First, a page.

Highlight in History: |
On January 30th, 1968, during the
Vietnam War, the Tet Offensive began as Communist
forces launched surprise attacks against South
Vietnamese provincial capitals.
On this date:
In 1649, England's King Charles the First was
In 1798, a brawl
broke out in the House of Representatives in
Philadelphia, as Matthew Lyon of Vermont spat in
the face of Roger Griswold of Connecticut.
In 1882, the 32nd
president of the United States, Franklin Delano
Roosevelt, was born in Hyde Park, New York.
In 1933, Adolf
Hitler became chancellor of Germany.
In 1933, the first
episode of the "Lone Ranger" radio
program was broadcast on station WXYZ in Detroit.
In 1948, Indian
political and spiritual leader Mahatma Gandhi was
murdered by a Hindu extremist.
In 1962, two
members of the "Flying Wallendas"
high-wire act were killed when their seven-person
pyramid collapsed during a performance in
In 1964, the
United States launched "Ranger Six," an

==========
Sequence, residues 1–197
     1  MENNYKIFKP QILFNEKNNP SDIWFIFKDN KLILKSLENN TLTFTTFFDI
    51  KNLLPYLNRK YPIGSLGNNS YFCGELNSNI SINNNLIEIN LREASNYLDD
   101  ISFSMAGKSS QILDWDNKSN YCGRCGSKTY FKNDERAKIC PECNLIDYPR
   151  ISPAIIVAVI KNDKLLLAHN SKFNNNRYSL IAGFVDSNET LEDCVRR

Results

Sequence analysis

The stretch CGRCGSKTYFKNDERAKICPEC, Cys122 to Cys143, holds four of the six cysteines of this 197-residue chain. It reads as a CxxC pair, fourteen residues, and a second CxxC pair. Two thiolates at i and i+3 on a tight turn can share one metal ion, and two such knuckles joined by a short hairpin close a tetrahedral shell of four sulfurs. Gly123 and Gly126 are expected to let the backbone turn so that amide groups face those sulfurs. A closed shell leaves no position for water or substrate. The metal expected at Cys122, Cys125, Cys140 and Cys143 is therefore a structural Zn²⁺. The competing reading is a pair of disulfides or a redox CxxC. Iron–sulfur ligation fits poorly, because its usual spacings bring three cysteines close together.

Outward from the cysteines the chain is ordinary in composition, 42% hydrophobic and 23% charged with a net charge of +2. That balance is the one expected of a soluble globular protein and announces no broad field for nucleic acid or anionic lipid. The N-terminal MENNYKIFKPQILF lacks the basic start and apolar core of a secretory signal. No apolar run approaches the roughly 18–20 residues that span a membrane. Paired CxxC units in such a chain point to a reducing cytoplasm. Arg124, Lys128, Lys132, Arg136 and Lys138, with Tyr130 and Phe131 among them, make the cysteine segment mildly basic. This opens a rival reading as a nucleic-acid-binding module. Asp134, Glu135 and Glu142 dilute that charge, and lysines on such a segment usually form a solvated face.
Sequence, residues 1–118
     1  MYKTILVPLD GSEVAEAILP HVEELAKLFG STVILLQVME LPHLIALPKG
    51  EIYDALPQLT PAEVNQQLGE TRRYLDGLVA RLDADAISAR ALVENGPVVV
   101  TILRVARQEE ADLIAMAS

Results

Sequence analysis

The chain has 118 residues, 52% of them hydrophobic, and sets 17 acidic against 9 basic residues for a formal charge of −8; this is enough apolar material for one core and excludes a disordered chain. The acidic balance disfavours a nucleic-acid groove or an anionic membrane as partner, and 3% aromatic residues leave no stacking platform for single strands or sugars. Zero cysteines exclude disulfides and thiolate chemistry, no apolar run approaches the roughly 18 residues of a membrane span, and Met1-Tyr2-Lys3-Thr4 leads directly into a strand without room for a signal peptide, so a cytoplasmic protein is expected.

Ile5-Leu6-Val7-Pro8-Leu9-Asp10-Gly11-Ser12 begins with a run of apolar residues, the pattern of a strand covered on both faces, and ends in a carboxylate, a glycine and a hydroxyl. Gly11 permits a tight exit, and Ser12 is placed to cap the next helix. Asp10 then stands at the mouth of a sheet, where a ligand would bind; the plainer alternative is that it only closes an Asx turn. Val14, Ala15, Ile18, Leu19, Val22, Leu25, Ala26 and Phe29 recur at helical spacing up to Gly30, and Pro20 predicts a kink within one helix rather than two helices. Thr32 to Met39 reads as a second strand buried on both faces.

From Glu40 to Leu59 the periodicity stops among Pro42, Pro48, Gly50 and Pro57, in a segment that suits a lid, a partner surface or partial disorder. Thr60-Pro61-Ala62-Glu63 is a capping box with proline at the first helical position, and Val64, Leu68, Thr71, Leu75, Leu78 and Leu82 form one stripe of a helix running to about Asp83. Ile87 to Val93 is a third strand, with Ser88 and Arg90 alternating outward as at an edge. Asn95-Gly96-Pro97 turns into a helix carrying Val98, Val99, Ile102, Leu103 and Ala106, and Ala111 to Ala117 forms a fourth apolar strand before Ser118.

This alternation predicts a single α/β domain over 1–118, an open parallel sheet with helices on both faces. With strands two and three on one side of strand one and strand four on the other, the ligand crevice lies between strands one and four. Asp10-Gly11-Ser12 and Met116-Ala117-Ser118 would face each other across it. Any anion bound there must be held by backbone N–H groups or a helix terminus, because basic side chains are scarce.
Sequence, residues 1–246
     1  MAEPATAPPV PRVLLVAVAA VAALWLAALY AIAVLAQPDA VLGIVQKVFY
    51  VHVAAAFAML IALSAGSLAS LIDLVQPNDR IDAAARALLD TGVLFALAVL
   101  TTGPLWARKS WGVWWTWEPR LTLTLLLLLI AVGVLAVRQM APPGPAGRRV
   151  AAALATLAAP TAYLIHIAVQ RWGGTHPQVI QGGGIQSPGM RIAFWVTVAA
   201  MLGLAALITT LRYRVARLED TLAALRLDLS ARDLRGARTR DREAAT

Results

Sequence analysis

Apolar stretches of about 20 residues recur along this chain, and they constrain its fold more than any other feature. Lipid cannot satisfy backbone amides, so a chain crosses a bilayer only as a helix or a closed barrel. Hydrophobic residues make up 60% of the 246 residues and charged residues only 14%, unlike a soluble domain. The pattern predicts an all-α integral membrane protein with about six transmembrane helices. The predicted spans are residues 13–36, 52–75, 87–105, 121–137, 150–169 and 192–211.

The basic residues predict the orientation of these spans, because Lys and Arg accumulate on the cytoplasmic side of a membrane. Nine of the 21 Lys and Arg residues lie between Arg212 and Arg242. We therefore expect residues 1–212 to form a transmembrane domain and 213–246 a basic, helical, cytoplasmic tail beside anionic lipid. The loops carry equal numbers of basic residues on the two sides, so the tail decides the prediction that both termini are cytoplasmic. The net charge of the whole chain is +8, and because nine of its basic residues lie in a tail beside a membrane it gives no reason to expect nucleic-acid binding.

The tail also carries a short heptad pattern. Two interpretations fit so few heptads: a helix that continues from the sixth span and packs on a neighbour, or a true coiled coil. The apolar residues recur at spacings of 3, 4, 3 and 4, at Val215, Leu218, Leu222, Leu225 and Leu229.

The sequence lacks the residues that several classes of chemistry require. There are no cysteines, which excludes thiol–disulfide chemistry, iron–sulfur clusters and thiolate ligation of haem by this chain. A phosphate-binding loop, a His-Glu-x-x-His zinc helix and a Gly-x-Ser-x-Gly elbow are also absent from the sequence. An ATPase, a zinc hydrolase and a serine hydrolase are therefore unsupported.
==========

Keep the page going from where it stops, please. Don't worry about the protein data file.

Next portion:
unmanned spacecraft carrying television cameras
that was to crash-land on the moon.
In 1972, 13 Roman
Catholic civil rights marchers were shot to death
by British soldiers in Northern Ireland on what
became known as "Bloody Sunday."
In 1979, the
civilian government of Iran announced it had
decided to allow Ayatollah Ruhollah Khomeini
(hoh-MAY'-nee), who'd been living in exile in
France, to return.
Ten years ago: A
federal judge ordered former President Reagan to
provide excerpts of his personal diaries to John
M. Poindexter for the former national security
adviser's upcoming Iran-Contra trial. (However,
the judge later reversed himself, deciding the
material was not essential.)
Five years ago: At
least 42 people were killed and nearly 300
wounded when a car bomb blamed on Muslim
insurgents exploded in downtown Algiers. The
Smithsonian Institution abandoned plans for a
major exhibit on the atomic bombing of Hiroshima,
yielding to critics who charged the exhibit would
have portrayed America as the aggressor and Japan
as the victim in World War Two.
One year ago: NATO
authorized its secretary-general to launch
military action in Yugoslavia if the warring
parties failed to negotiate an agreement for
autonomy in Kosovo.
"The only tyrant I accept in
this world is the `still small voice' within
Mohandas K. Gandhi (1869-1948).